This is from my friend Ashok Pannikar, visionary founder of Meta-Culture, a visionary conflict resolution organization based in Bangalore, India. I’ve been begging Ashok to guest blog for me, so hopefully my showcasing his work will sweeten the deal.
One of the many things I admire about Ashok is that, as a former graphic designer, he sees his organization as his studio — a cauldron of frenetic, creative energy. He also believes work should be fun, and he punctuates his speech with infectious laughter and offbeat humor. We in the peacebuilding field can sometimes take ourselves a bit too seriously, and Ashok is doing his part to correct that.
So, thanks for the inspiration, Ashok, and here’s to a year of transforming slogans into dialogue.
Developing one’s voice as a mediator can be tricky business. Our personality, empathy, and humor should shine through with our clients…accompanied by a soupcon of acting. Maintaining neutrality, suppressing your political/religious/personal views, and poker-facing the bizarre can require some serious Stanislavskian chops.
Here are some iconic actors we do not want to emulate, informed by watching lots of movies over the holidays while inhaling my Aunt Barbara’s cookies.
Folks, I’d like to reflect on the amazing, whirlwind year that’s coming to a close. We officially became the New York Peace Institute this year, building upon three decades as a Safe Horizon program. Thanks to our staff, board, advisory board, volunteer mediators, partners, funders, and Safe Horizon, we managed to take care of the many details needed to build an organization, whilst not losing sight of the big picture: building peace in New York City and beyond.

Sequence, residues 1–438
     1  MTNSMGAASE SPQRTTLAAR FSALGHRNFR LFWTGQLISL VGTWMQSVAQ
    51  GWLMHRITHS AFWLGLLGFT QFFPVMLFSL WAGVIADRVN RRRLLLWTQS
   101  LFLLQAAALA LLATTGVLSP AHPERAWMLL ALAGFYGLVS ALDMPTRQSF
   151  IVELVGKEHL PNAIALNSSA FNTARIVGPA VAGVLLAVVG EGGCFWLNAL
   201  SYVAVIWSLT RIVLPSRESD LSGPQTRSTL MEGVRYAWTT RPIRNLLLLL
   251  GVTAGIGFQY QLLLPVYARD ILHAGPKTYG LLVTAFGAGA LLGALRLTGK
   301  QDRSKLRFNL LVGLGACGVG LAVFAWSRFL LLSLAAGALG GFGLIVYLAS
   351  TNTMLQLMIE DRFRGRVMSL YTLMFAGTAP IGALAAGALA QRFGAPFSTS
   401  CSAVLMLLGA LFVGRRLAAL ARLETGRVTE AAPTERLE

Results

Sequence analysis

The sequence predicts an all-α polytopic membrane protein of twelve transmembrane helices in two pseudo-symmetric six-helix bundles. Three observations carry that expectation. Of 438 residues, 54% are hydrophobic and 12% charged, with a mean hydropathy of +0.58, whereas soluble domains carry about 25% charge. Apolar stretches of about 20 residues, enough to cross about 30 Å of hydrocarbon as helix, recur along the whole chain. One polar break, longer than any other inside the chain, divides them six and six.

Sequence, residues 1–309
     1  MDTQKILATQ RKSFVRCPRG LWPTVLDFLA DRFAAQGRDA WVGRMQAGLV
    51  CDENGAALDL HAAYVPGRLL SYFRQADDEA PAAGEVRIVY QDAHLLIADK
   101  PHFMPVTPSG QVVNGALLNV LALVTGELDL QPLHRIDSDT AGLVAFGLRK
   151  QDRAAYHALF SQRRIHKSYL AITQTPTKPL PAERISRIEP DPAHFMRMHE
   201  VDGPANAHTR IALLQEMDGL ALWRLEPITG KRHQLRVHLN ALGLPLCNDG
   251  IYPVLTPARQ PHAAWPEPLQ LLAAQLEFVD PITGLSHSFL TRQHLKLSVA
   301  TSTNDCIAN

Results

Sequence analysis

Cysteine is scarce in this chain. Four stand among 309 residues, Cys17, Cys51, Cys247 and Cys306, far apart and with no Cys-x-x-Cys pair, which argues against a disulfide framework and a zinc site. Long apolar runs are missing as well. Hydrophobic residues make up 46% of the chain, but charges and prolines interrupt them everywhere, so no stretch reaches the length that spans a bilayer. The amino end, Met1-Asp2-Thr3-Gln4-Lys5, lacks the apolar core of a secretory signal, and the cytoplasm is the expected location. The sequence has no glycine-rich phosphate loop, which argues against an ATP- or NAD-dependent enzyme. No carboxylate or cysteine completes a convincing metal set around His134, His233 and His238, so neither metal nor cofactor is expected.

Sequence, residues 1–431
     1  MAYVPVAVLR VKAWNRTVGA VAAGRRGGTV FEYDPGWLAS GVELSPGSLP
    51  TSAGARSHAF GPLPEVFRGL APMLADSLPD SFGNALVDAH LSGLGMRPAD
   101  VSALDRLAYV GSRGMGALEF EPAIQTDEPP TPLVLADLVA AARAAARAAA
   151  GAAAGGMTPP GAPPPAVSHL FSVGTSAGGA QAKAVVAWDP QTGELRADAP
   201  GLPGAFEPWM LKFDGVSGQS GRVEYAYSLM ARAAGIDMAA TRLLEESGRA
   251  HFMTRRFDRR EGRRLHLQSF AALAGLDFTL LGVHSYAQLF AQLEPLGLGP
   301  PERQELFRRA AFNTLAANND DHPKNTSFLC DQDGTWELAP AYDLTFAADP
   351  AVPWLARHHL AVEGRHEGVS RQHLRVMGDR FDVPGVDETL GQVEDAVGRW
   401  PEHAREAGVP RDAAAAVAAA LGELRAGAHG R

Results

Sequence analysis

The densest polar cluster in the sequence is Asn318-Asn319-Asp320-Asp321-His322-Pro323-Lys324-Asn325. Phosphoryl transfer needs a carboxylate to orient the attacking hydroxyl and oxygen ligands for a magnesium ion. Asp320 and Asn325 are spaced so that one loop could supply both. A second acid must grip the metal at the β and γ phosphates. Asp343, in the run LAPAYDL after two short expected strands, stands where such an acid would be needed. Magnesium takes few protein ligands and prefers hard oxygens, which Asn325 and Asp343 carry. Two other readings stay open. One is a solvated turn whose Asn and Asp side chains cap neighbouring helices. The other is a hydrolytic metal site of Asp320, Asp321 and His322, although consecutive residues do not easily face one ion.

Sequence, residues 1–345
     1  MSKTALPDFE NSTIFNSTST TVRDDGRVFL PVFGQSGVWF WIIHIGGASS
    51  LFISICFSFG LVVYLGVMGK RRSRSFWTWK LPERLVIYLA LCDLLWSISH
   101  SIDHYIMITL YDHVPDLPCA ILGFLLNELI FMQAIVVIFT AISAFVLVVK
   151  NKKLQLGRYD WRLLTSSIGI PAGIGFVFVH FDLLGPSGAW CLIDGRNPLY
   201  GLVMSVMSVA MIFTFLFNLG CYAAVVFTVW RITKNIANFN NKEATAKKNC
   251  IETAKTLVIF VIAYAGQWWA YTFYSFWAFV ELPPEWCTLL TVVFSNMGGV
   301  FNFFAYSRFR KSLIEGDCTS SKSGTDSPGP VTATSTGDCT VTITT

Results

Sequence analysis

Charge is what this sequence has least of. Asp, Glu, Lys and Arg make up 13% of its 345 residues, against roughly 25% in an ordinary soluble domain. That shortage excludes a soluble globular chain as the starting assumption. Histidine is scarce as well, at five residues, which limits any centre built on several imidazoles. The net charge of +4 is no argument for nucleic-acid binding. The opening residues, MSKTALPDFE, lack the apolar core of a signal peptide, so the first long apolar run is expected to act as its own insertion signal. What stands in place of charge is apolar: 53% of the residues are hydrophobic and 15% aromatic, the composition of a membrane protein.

Here’s a brief snapshot of our year, vis-à-vis our key areas of focus…and how you can be part of the journey in 2012:
I took a Latin American politics course in college, and the prof told us, à la Jeff Foxworthy, that if a leader wears sunglasses indoors, he’s probably a despot.
Here are some ostensible reasons why some dictators might’ve rocked the shades:
The world lost a true mensch today, former Czechoslovak president Vaclav Havel.
Vaclav Havel showed us a world in which one man could be a poet, playwright, protester, political prisoner, peacemaker, and president. A man who embraced the paradox of dissent and dialogue. A man who humbly vanquished 50 years of oppression, and then impishly rode his bike through the corridors of power.
Read more about Havel here.
I was 10 years old when Star Wars came out, and when Star Trek was on TV in a continuous loop of syndicated reruns. A common playground topic was which of the two rocked harder, and the debate continues to this day, fueled by schticky banter on youtube between Shatner and Carrie Fisher.
Perhaps in an early display of mediation sensibilities, I embraced both shows, with props to Star Wars for fabulous special effects and Campbellian heroes, and big ups to Star Trek for its 1960’s political allegories that even a child could grasp.
Click here to read more…